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Results: 1 - 15 of 879
View Bernard Trottier Profile
CPC (ON)
Thank you, Mr. Chair.
My thanks to the guests for being here today.
Following on Ms. Laverdière's questions, I am going to try to understand a little more about the development of a malaria vaccine.
What is the difference between malaria and other diseases afflicting the world?
Are we seeing mutations in the disease? Are we still trying to develop new vaccines. In what way does the nature of malaria make that task so difficult?
My colleague the senator could begin, perhaps.
View Bernard Trottier Profile
CPC (ON)
So it’s complicated, it’s difficult, but it is an objective that we need to have. This research still needs to continue.
We can do a lot of things for prevention, things that are not expensive, as you said, because it will likely be very difficult to eradicate malaria completely.
View Bernard Trottier Profile
CPC (ON)
Okay. Thank you.
Where are we on treatment? In the documents provided by MMV, I read that African children can have malaria six times a year. Does that mean that it is treated six times a year with the same drugs? Is treatment for malaria being improved? I remember hearing that the success rates of the treatments were not very high. Are there tangible measures showing that the treatment is now much more effective than before?
View Bernard Trottier Profile
CPC (ON)
Is the objective a 100% success rate? Is that a target?
View Bernard Trottier Profile
CPC (ON)
Thank you, Mr. Chair.
Thanks again to all our guests for being here today.
I wanted to talk about the Trans-Pacific Partnership, because we all know there have been extensive negotiations there. Also, when you think about how comprehensive this could be and look at other trade arrangements—for example, Canada and Europe, where some trade arrangements have gone beyond where NAFTA is—there are two schools of thought.
One is that NAFTA becomes obsolete and that the TPP would just supersede NAFTA, from a trade standpoint.
Another school of thought, though, is that because you have 12 partners negotiating, it gets very watered down. It's difficult to come to an agreement amongst 12 partners. You just have to witness some of the negotiations in the Doha round at the WTO.
Mr. Jacobson, could you maybe comment on some of your views? Where do you think TPP is going? Also, if it ends up superseding NAFTA, does North America then become less of a trade zone and more of a focus for other things, such as security, academic exchanges, and so on?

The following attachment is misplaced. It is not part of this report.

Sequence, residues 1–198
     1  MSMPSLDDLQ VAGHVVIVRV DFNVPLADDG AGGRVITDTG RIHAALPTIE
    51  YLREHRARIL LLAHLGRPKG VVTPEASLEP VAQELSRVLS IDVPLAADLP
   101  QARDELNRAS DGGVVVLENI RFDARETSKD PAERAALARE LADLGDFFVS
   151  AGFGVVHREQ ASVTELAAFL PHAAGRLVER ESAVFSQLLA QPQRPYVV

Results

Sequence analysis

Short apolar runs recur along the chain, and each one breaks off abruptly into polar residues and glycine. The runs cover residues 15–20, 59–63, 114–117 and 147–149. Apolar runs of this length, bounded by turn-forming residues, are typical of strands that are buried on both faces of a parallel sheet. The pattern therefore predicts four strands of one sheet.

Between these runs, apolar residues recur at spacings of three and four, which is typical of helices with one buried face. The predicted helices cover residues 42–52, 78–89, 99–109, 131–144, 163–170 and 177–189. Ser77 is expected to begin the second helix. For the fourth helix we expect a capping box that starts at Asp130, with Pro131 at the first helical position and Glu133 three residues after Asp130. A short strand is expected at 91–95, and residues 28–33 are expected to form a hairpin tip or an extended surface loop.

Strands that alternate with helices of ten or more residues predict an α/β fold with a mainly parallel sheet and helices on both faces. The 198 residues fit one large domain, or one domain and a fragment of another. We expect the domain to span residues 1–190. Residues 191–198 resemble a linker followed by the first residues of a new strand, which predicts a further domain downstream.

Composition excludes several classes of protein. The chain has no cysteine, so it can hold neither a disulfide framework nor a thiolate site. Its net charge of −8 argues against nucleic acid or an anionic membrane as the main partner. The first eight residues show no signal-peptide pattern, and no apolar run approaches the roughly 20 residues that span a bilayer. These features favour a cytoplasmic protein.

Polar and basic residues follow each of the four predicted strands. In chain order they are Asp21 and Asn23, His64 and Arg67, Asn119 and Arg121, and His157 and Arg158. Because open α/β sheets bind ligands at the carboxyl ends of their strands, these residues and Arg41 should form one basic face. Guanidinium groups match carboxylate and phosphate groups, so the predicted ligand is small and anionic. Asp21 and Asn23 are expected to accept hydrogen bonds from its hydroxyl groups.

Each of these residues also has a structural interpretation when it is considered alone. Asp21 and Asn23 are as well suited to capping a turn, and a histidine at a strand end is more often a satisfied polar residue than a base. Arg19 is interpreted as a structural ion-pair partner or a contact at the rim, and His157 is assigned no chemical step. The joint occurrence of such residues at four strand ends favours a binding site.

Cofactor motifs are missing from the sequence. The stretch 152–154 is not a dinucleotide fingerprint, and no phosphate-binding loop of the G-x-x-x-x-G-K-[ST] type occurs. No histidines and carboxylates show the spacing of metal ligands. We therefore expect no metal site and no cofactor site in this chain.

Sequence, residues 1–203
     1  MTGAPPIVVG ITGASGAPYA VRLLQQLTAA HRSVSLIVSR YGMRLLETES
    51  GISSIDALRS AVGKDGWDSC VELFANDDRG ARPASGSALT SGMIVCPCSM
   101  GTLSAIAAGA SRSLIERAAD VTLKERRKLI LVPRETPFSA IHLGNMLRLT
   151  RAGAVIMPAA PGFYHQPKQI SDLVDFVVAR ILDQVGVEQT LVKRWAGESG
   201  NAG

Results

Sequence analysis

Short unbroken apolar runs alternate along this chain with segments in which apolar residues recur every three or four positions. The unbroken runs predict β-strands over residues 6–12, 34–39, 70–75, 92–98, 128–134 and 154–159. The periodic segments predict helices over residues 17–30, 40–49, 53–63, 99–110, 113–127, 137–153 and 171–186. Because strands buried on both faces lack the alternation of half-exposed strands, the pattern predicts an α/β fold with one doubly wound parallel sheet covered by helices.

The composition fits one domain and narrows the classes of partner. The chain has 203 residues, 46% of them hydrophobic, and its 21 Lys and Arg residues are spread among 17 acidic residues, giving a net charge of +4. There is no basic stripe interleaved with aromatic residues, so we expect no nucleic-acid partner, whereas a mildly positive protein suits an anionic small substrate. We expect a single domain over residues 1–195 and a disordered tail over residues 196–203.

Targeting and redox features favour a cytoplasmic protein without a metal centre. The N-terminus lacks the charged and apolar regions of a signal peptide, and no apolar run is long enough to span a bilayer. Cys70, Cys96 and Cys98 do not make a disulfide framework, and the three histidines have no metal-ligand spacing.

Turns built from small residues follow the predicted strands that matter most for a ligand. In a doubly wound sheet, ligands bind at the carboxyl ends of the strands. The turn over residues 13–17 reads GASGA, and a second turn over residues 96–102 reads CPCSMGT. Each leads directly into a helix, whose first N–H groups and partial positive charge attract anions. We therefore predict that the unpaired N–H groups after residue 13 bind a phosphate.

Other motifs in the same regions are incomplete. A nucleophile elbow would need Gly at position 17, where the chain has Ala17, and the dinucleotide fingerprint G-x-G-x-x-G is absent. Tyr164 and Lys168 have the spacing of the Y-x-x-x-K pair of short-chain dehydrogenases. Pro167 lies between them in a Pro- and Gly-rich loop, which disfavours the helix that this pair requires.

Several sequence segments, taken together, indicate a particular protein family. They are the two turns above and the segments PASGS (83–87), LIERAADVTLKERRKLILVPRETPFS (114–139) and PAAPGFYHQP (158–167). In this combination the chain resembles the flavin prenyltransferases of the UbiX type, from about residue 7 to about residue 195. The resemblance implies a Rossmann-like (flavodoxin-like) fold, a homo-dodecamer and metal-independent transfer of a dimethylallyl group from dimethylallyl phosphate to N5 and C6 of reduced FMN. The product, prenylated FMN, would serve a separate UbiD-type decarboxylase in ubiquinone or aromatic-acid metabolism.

View Bernard Trottier Profile
CPC (ON)
Maybe Ambassador Suarez could comment. Do the three countries of North America need to get together and present more of a united front going into TPP? Is that something we need to spend more time on in the coming months?
View Bernard Trottier Profile
CPC (ON)
Mr. Miller and Mr. Dillon, I'd like to get some comments on government procurement policies.
I know we like to focus on the irritants. We obviously have a very healthy trade arrangement in North America, but there are government procurement policies and specifically Buy America policies.
What are the things that we as a committee, if we're giving advice to our North American leaders, can focus on realistically in terms of government procurement policies to really improve the lot of all taxpayers in all three of our countries when it comes to being able to buy things on behalf of the government?
View Bernard Trottier Profile
CPC (ON)
Thank you very much.
View Bernard Trottier Profile
CPC (ON)
Thank you, Mr. Chair.
Thank you to our guests for being here today and for providing testimony. I think this is valuable input for the upcoming North American leaders' summit.
Your points are well taken, that we often take our relationships with the United States and Mexico for granted just because they're so present and so near and maybe less exotic than some of our other relationships. I'd describe our relationships with both countries as strong and very mature. I know we often focus on the irritants, but we do need to recognize that we have some tremendous strengths in terms of our relationships with these countries.
I'd like to comment on the Canada-Mexico relationship, for one. I happen to be chair of our Canada-Mexico Parliamentary Friendship Group. I've had recommendations similar to Mr. Wilson's, that a North American parliamentary group might be useful. Mexico is our third-largest trading partner—I think a lot of Canadians are unaware of that—and it doesn't happen by accident. It's because of that maturity, that relationship, things that Mexicans buy from us, things that we buy from Mexicans, and strong person-to-person ties between the two countries.
On the visas in particular, though, I've had frequent discussions with the Mexicans about that. In 2009 there were 10,000 refugee claims in Canada, which resulted in a tremendous cost to Canada. Some estimates put each claim at about $50,000 in terms of social services, health care, consular services, and ultimately some deportation costs. It ended up costing Canada about half a billion dollars in one year alone. In terms of the offset for tourism, it's hard to see where there would be much of an offset. We just need to understand the Canadian point of view. I know a lot of the Canadian media took the Mexican side in those discussions, and I think the Canadian side needs to be understood.